On February 15, asteroid 2012 DA14 passed extraordinarily close to the Earth. Unlike the unexpected asteroid collision over Russia that day, this encounter never presented any danger, but astronomers were eager to observe the event. An international team led by Nicholas Moskovitz (MIT) observed the asteroid with a number of telescopes, including the 2.1-meter telescope at Kitt Peak National Observatory: the accompanying video shows the asteroid as it was leaving the vicinity of the Earth. As Dr. Moskovitz said, "Flybys like this, particularly for objects smaller than 2012 DA14, are not uncommon. This one was special because we knew about it well in advance so that observations could be planned to look at how asteroids are affected by the Earth's gravity when they come so close." In this movie, the asteroid is seen moving across a field about one third the size of the full Moon in about 45 minutes. The field is located in the constellation of the Little Dipper: north is to the left and east is down.
The solar system is home to myriads of asteroids, small bodies left over from its formation. More are discovered every year. Only the largest asteroids are truly spherical, drawn into this shape by their self-gravity: most appear to be completely irregular in shape. They rotate with periods that are generally a matter of hours. And they have a wide range of compositions, from dense iron metal to low density rocks rich in organic compounds. Asteroids are often described as rubble piles, or loosely bound collections of smaller rock fragments. But these characteristics are not well understood, which is what led Dr. Moskovitz and his team to their study.
The team are analyzing their data to measure any changes in the rotation rate of the asteroid after its close encounter with the Earth. Although asteroids are generally too small to resolve with optical telescopes, their irregular shape causes their brightness to change as they rotate. Measuring the rotation rate of the asteroid in this way allows the team to test models that predict how the Earth's gravity can affect close-passing asteroids. This will lead to a better understanding of whether objects like 2012 DA14 are rubble piles or single solid rocks. This is critical to understanding the potential hazards that other asteroids could pose if they collide with the Earth.
The first asteroids were discovered orbiting the Sun in the space between Mars and Jupiter, but recent discoveries make it clear that they are found throughout the solar system. Of particular interest from most people's point of view are those characterized as near-Earth asteroids. These are objects whose orbits cross that of the Earth and allow them to make a close pass to our planet, with the potential of colliding on one of those passes. These asteroids include 2012 DA14 which was discovered just a year ago. Its orbit is similar to the Earth, with a period of 366 days, but with a more elliptical shape and an inclination of 11 degrees to the plane of the Earth's orbit around the Sun. Following its discovery and the recognition that it would make a very close pass on Feb. 15, 2013, the team planned an observing campaign using telescopes in both the northern and southern hemisphere, including facilities in Australia, New Zealand, Tasmania, South Africa, Spain, Israel, Hawaii, Massachusetts, and Arizona.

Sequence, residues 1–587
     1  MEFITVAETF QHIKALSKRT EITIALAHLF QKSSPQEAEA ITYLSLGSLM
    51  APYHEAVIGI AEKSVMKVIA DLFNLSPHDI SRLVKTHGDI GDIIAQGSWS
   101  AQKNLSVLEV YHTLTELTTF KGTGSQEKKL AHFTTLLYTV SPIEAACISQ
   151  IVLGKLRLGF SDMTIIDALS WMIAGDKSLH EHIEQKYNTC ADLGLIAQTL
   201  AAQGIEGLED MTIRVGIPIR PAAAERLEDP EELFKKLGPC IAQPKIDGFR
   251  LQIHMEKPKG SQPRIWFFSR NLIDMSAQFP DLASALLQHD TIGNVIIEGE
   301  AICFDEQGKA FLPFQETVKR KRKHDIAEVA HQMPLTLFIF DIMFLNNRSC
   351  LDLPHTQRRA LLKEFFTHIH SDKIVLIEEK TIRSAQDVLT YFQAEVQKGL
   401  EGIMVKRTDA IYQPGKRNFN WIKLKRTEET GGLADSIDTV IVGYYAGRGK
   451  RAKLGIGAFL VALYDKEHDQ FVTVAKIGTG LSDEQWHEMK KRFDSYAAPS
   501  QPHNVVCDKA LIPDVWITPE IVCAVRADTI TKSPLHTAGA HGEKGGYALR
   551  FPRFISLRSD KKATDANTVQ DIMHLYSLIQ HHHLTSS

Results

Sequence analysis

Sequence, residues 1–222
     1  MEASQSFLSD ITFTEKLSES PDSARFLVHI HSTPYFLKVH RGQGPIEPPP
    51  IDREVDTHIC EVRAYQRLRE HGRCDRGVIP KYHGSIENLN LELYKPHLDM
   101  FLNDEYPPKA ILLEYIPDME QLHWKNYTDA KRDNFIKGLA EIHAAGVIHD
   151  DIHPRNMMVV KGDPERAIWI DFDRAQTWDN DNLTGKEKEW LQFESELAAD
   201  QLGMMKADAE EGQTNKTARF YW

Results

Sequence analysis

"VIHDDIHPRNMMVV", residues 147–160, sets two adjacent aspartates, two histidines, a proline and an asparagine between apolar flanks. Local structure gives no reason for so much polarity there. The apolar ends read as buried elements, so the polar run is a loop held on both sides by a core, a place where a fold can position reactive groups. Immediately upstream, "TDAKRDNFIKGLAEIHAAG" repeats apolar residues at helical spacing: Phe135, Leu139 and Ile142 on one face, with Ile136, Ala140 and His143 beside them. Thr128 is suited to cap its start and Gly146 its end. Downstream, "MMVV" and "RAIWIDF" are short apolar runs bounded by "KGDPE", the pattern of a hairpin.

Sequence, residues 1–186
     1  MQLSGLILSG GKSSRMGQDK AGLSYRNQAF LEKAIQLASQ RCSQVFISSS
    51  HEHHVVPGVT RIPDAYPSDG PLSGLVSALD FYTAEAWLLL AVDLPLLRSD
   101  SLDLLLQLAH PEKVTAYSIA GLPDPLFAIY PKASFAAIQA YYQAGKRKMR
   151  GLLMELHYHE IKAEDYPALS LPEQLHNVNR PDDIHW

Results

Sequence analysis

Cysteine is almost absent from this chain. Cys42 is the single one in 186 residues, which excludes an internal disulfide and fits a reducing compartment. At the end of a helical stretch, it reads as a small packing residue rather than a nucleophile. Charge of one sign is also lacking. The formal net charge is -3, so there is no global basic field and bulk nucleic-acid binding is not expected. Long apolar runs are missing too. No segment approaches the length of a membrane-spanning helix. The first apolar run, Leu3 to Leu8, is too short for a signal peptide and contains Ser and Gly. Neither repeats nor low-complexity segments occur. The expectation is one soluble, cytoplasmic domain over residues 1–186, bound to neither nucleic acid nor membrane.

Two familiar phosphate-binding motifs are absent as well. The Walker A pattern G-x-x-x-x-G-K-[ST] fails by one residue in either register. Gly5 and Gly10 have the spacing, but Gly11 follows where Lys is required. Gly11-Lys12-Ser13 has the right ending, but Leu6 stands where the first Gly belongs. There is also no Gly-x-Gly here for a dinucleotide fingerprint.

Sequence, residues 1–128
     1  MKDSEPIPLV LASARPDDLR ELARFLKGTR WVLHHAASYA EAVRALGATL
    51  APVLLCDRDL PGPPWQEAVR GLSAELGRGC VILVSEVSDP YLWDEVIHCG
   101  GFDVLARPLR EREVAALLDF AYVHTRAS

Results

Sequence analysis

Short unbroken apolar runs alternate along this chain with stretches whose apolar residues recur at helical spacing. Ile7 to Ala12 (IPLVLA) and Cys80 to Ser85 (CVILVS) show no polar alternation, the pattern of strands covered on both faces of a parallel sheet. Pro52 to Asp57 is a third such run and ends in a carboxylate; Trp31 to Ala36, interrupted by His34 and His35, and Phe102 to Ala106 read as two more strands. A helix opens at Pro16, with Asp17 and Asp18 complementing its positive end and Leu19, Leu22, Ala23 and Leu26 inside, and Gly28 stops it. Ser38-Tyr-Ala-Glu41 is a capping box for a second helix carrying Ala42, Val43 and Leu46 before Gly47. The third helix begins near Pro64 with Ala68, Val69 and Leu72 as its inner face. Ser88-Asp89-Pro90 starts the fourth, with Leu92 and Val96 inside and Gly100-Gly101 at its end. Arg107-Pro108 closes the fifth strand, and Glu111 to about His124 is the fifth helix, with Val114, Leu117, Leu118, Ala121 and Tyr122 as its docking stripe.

2012 DA14 is not expected to visit the vicinity of the Earth any time for at least the next century, but as we saw with the impact in Russia on the same day as the flyby, there are many thousands of near-Earth asteroids out there that can be dangerous. Observing campaigns like the present one will mean that scientists will have a much better understanding of the properties of near-Earth asteroids, and their potential for making trouble should they get too close!
Dr. Katy Garmany
NOAO, Tucson, AZ
+1 520 318 8526
Dr. Nicholas Moskovitz
MIT, Cambridge, MA
+1 617 253 1268
Dr. Moskovitz is supported as an NSF fellow through the Astronomy and Astrophysics Postdoctoral Fellowship program.
The National Optical Astronomy Observatory, which manages Kitt Peak, is operated by the Association of Universities for Research in Astronomy Inc. (AURA) under a cooperative agreement with the National Science Foundation.